The old days of pumping your website full of metatags and embedding ridiculous code to improve your search rank are over. Google, Yahoo, and Bing are all too smart with their fancy algorithms to let you get away with that. If you want to get found in search without paying a ton of money, you have to cram your website with great content.
This content can be anything your users find valuable: pictures, videos, links to other awesome articles, your own thoughts. The problem with pictures and videos and your own thoughts is that these algorithms can’t see them, and they’re not always sure about the context. This is important, because while content is king, context is God.
Lucky for us, the geniuses over at schema.org have created these incredibly confusing, but even more incredibly useful Schemas. If you’re serious about SEO, and you should be, you’ll need to utilize them as much as possible.
“Great! How do I use them?” you might say to me. Well, they’re sets of HTML code you can use to give context to something extremely abstract. For example, if you’re writing about a movie directed by someone named John Smith, there’s no way the spiders crawling your site will know that he’s directing a movie. Therefore, no one searching for John Smith, movie director, will find you.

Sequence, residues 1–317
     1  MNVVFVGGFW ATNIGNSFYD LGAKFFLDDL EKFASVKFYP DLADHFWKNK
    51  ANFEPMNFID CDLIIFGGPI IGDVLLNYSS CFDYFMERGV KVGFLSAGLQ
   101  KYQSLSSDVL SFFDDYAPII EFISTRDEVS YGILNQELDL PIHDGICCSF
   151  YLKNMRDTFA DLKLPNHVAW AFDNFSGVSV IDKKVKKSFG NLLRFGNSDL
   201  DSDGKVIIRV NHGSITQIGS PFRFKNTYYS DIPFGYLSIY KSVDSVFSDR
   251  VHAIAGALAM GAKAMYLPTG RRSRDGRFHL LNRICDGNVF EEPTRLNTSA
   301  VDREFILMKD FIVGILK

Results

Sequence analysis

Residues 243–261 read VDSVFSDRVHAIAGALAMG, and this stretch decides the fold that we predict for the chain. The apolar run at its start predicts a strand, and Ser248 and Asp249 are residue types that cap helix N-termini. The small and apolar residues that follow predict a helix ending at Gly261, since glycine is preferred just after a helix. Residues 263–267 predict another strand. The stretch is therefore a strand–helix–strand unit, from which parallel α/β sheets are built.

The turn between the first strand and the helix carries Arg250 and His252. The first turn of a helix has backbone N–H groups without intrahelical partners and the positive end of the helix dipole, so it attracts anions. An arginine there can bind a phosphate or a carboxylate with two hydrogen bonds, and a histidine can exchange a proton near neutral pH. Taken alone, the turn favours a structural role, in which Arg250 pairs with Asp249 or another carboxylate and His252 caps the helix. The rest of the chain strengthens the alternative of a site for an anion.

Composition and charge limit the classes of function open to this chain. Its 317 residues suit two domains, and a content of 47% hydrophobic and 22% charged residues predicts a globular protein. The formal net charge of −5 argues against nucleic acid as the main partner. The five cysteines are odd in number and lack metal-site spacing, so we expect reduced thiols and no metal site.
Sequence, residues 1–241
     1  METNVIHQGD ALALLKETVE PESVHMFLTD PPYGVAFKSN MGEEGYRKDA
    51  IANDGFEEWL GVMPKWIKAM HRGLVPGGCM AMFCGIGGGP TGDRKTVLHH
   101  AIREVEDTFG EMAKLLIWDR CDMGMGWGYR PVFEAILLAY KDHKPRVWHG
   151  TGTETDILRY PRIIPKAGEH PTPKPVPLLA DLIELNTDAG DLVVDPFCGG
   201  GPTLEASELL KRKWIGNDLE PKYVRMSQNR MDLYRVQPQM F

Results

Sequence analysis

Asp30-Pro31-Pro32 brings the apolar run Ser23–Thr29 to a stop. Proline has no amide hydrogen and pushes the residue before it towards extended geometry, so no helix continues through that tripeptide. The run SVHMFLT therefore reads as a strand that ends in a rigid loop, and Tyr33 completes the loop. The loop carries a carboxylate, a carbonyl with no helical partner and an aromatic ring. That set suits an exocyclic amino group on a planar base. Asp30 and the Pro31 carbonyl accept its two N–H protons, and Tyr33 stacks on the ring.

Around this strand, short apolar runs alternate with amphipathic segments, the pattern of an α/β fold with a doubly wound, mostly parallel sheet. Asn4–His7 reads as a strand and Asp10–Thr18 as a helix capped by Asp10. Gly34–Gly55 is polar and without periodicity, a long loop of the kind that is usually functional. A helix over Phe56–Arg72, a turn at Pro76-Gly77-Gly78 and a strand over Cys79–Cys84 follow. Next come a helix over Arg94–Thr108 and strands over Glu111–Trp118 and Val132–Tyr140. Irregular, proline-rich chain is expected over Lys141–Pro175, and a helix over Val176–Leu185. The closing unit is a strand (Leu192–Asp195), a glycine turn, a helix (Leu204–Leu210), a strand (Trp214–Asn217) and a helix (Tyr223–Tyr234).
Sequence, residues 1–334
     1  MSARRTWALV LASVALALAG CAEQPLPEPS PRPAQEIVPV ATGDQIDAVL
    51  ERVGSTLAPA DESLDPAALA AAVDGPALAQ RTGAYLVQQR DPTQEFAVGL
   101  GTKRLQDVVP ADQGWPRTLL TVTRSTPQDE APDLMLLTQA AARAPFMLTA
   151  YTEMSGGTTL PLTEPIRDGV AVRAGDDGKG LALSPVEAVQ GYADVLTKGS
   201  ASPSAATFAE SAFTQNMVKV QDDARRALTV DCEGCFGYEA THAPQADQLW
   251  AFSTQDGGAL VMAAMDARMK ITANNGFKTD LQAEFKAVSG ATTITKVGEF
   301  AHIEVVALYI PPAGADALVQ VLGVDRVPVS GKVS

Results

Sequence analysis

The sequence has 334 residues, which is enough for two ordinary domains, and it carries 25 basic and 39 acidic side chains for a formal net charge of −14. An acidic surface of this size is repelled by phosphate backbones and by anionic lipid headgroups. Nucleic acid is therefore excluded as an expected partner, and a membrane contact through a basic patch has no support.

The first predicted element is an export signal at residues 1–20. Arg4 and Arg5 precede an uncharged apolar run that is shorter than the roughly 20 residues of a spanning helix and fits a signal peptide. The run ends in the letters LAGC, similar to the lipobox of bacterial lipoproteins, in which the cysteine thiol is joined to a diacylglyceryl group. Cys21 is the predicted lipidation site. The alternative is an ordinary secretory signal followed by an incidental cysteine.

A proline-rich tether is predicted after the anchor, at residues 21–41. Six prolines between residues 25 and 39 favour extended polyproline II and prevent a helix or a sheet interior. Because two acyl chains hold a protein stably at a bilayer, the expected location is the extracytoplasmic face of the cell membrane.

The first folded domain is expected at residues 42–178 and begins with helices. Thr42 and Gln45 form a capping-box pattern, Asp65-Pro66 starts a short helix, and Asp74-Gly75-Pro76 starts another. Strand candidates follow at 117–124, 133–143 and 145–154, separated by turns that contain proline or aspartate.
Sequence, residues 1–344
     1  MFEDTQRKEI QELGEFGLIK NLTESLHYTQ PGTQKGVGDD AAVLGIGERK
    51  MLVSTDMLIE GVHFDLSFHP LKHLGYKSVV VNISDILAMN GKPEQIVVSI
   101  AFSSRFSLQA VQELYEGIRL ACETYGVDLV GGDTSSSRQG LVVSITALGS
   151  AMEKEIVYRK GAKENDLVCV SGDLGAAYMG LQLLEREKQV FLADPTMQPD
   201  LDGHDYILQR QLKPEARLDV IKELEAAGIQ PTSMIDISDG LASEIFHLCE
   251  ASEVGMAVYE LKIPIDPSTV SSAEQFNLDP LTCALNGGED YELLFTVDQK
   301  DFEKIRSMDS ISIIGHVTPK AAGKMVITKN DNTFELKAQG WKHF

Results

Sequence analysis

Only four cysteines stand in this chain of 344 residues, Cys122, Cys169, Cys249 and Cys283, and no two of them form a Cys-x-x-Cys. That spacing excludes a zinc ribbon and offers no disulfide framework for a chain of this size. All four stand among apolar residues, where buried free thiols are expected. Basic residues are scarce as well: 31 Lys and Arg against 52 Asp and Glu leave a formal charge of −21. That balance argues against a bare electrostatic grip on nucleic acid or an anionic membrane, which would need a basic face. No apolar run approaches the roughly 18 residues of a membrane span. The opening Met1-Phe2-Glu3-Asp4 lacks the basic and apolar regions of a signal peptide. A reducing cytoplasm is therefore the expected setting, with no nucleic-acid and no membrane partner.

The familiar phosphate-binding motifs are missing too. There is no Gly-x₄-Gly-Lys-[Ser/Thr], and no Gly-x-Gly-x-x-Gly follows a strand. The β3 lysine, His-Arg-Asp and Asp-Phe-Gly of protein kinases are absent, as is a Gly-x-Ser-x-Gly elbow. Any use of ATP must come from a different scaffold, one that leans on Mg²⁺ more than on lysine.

This is where the Schemas come into play. By adding the movie schema code to that bit of your article, and adding the director code around John Smith’s name, the spider crawling your page will know EXACTLY what you’re talking about. On the surface, readers will see John Smith, Director, and search engines will see the same on the back end.
You can have the best content in the world, all of the stuff that readers love, but it’s not always the same stuff search engines love. Using Schemas ensure that we’re all on the same page.